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House passes bill to improve wildfire prevention accountability after NBC News report

An NBC News investigation found the Forest Service overstated the land it treated to reduce wildfire risk by an estimated 21% nationally.
A Sequoia National Forest firefighter uses a drip torch during prescribed pile burning near young giant sequoia trees on February 19, 2023 in Sequoia National Forest, California. According to the Forest Service, wildfires have destroyed nearly 20 percent of all giant sequoias in the past three years amid hazardous fuel (vegetation) buildup. The Forest Service began emergency action last year to reduce the fuels in 12 giant sequoia groves in the Sequoia National Forest, including prescribed pile burning to reduce wildfire risk. The massive trees can live for over 3,000 years and average between 180 to 250 feet in height.
A Sequoia National Forest firefighter uses a drip torch during prescribed pile burning to reduce hazardous fuel near young giant sequoia trees in Sequoia National Forest, Calif., on Feb 19.Mario Tama / Getty Images file

A bill to improve how the federal government tracks wildfire prevention work passed the House in a near-unanimous 406-4 vote Wednesday, a month after the nation’s deadliest wildfire in over 100 years killed at least 115 people in Hawaii. 

The bill, the Accurately Counting Risk Elimination Solutions (ACRES) Act, was proposed this year after an NBC News report revealed that the government has long overstated how much of the country’s federal forests it has protected from catastrophic fires.

A 2022 NBC News investigation found that the U.S. Forest Service had overstated how much land it treats to reduce wildfire risk by an estimated 21% over a 15-year period. The overstatement was largely a result of the agency repeatedly counting an area of land if multiple kinds of work were done on the same spot — a practice oversight agencies had warned against for two decades.

The bill’s author, Rep. Tom Tiffany, R-Wis., said, "The ACRES Act is a bipartisan step in the right direction to combat the wildfire crisis, and I’m thrilled the House passed this commonsense legislation to ensure federal land management agencies are accurately reporting their work in hazardous fuel reduction."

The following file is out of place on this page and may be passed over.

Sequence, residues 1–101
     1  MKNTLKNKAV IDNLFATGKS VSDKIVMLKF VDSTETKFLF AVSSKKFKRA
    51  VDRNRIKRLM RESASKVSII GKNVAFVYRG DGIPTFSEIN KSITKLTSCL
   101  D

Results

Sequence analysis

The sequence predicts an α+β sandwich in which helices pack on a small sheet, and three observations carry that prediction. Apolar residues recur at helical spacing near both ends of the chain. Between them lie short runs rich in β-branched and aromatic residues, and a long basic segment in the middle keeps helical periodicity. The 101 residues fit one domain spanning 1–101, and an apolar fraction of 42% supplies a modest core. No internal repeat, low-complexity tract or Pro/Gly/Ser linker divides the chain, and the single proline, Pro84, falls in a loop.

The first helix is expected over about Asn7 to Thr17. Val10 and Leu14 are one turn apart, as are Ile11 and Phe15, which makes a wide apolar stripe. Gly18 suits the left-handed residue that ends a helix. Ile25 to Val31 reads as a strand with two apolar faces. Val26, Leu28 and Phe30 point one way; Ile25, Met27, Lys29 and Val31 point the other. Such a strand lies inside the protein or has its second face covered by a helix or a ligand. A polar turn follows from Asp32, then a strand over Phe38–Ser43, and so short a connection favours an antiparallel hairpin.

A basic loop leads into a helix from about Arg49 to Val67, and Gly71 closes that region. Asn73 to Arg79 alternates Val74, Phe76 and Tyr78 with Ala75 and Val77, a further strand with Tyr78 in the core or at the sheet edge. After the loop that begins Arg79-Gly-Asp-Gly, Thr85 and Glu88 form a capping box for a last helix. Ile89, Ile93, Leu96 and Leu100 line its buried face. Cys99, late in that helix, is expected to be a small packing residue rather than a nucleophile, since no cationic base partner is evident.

Tiffany, chairman of the House Natural Resources Committee’s federal lands subcommittee, cited NBC News’ reporting when he introduced the bill.

The act would require the Forest Service and the Interior Department, the other major federal land management agency, to produce detailed yearly reports about work to reduce hazardous fuels — the trees and brush that can turn low-level flames into deadly blazes — and mandate that the agencies count acres only once. 

It would also require both agencies to standardize their tracking procedures to ensure accuracy and require a Government Accountability Office study on the agencies’ progress within two years of its enactment. 

Big Bear, California— Jason Collier, a NEPA Planner, demonstrates the dryness of pine needles at the site of a recent prescribed burn near Big Bear lake on Monday, June 6, 2022. Pine needles are a hazardous fuel, as they can quickly ignite and spread fire. Prescribed burns are a form of fire management that prevent hazardous fuels from spreading wildfire.
A Forest Service planner demonstrates the dryness of pine needles at the site of a recent prescribed burn near Big Bear Lake in California in June 2022.Gabriella Angotti-Jones for NBC News

The bill is expected to next move to the Senate Energy and Natural Resources Committee, where last year chairman Joe Manchin, D-W.Va., and ranking member John Barrasso, R-Wyo., co-sponsored a forest management bill that included a similar provision about accurately counting the number of acres annually treated for wildfire risk. The bill applies to hazardous fuel reduction done by federal land management agencies, which mostly work on federally owned land.

The Aug. 8 Lahaina Fire on Maui killed at least 115 people, burned 2,170 acres, much of it privately owned, and damaged or destroyed more than 2,000 structures. It was America’s deadliest wildfire in over 100 years. The 2018 Camp Fire in California, which was started by a faulty electric transmission line and destroyed the towns of Paradise and Concow, previously held that title.